Reducing antibiotics use is part of plans to combat drug-resistant diseases.
The UK’s Department for Environment, Food and Rural Affairs (DEFRA) recorded record low sales of antibiotics for use in livestock last year and more ambitious targets are on the way.
According to a new government report to be published this Friday, sales of veterinary antibiotics relative to the UK’s food-producing animal population dropped by 27% between 2014 and 2016.
While there were 62mg of antibiotics sold per kg of livestock biomass in 2014, this fell to 45mg/kg last year. According to DEFRA, this surpasses the 50mg/kg target set for the industry.
“The fact we have overtaken our target two years ahead of schedule demonstrates our commitment to preventing the inappropriate use of antibiotics and shows our approach is working,” said DEFRA Minister for Rural Affairs and Biosecurity, Lord Gardiner. “Now we must continue making progress and set our sights on reducing use even further.”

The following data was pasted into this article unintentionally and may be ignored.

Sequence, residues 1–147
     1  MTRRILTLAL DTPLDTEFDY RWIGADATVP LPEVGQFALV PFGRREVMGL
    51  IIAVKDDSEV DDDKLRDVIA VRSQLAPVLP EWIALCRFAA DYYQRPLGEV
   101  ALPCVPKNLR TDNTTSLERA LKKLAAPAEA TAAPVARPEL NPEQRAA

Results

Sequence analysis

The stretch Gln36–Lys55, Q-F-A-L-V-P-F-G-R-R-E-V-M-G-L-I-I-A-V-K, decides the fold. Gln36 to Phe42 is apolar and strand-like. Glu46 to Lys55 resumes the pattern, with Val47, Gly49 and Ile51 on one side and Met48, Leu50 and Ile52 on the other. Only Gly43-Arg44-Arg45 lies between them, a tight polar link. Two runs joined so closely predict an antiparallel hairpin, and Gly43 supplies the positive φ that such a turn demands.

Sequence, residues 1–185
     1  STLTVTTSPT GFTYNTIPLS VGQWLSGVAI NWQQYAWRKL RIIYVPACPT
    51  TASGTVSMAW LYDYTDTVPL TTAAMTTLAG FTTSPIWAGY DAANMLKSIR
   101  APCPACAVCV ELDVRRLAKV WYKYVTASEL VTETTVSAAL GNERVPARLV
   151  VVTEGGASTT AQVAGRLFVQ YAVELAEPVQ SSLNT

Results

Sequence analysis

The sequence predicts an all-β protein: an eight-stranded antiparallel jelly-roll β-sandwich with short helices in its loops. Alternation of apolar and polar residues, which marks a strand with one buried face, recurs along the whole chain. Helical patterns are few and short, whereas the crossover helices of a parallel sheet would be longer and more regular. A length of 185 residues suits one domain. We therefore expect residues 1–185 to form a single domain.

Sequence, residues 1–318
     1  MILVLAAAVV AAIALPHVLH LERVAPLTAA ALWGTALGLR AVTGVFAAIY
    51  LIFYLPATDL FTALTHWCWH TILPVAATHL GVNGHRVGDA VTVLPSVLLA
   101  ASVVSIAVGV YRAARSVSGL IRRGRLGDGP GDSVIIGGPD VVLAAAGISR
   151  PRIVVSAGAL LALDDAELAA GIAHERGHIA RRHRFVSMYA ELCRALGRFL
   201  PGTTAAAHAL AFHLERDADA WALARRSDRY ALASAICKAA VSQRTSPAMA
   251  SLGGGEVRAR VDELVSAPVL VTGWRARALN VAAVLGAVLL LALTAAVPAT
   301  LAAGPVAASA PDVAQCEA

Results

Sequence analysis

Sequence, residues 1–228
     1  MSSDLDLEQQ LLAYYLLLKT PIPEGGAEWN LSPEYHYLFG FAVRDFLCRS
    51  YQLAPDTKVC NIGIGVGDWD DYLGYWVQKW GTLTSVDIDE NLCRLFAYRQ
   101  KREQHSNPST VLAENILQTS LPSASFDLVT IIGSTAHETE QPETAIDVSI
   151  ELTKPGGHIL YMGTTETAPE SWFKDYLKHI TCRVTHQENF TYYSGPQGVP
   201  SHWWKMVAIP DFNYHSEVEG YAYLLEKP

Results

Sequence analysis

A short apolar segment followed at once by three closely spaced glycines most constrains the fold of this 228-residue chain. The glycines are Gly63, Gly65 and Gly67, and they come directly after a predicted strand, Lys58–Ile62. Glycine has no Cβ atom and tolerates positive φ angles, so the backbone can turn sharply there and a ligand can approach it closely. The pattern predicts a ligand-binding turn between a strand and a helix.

The industry group Responsible Use of Medicines in Agriculture (RUMA) is expected to announce new targets later on Friday to reduce antibiotics use in the future.
Efforts to reduce antibiotics use in humans and animals are part of a plan to tackle anti-microbial resistance and avoid the emergence of drug-resistant superbugs.
The latest EU-wide comparison of antibiotics use is for 2014 and shows the UK to be among the most moderate users, with less than half the European average rate.